Arrests made for racially-aggravated attack on black NHS worker
Categories: Latest News
Tuesday August 25 2020
Earlier this month, two teenagers were arrested on suspicion of attempted murder following what was described as a “hit-and-run” attack on a black NHS worker in Bristol, which left him with a broken leg, nose, and cheekbone. The police are treating the attack as racially-aggravated because of the language used by the suspects during the incident.
The Black Lives Matter movement cast light not only on the unacceptable deaths of Black people at the hands of the police across the globe, but also the wider injustices they face throughout society. This recent attack highlights the pervasiveness of the threat faced by Black communities in the UK. It also illustrates the need for both a reassessment of the protections available to protect minority communities against abuse, as well as the need for increased emphasis to be placed upon educational initiatives aimed at ensuring future generations are given the opportunity to develop identities centred on the shared histories and shared legacy of the vital contributions of all in society.
However, it remains difficult to ignore the section of political and media commentators who use their platforms to polarise society and obfuscate the significance of Black Lives Matter, as well as the contributions of and challenges facing the UK’s BAME communities. Nigel Farage, is one such example who described a peaceful procession calling attention to the atrocities of the British Empire as: “terrifying scenes in Brixton today. A paramilitary-style force marching in the streets. This is what the BLM movement wanted from the start and it will divide our society like never before.” This attempt to militarise minority community identities and present them as physical threats to public safety follows his previous comparison of Black Lives Matter protestors to the Taliban.
It is of paramount importance that such narratives are not allowed to gain momentum and contribute to the continuation of racialised stereotypes centred around the alleged ‘threat’ and ‘aggression’ of BAME communities.
Meanwhile, unless people are educated about the contributions of BAME and Muslim communities, people who come from these backgrounds will continue to face hurdles and setbacks in a society which stem from the ignorance and subsequent intolerance of others. People should be the taught about the contributions of those such as the Jamaican-born army nurse, Mary Seacole, who funded her own trip to Crimea and established the “British Hotel”. This hotel served as a place of respite for soldiers in need of medical assistance.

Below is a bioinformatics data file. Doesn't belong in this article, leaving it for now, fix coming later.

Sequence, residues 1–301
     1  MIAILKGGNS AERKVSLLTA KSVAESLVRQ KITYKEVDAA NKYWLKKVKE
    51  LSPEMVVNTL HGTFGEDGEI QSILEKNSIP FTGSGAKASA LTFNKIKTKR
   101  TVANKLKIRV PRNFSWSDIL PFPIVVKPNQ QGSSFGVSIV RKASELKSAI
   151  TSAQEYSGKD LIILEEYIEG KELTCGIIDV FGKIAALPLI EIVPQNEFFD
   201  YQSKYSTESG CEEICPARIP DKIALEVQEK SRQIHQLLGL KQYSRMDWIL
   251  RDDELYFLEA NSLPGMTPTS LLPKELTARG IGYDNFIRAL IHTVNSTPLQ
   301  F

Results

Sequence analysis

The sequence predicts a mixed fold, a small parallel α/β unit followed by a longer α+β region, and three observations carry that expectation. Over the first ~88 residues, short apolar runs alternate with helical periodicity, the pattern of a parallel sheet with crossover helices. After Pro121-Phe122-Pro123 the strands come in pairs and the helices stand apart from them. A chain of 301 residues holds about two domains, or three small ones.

Another example is John Edmonstone, a former slave who went on to teach at Edinburgh University in the 19th century, and was a significant figure within the history of scientific research, counting Charles Darwin amongst his students.
Celebrating the historical contributions and presence of Black people, and incorporating this into a decolonised curriculum, can dispel stereotypes and serve as a means of educating the public that minority communities are an integral and inseparable part of our society.
Without the right educational initiatives in place, agitators such as Farage can continue to easily manipulate and feed public ignorance and distorted perceptions in order to fuel hatred and stereotypes, thus opening minority communities to abuse.
MEND calls on policymakers to commit to supporting academic freedoms and initiatives to decolonise education, whilst giving greater emphasis within the national curriculum to shared histories and the contributions of minority communities in building our society.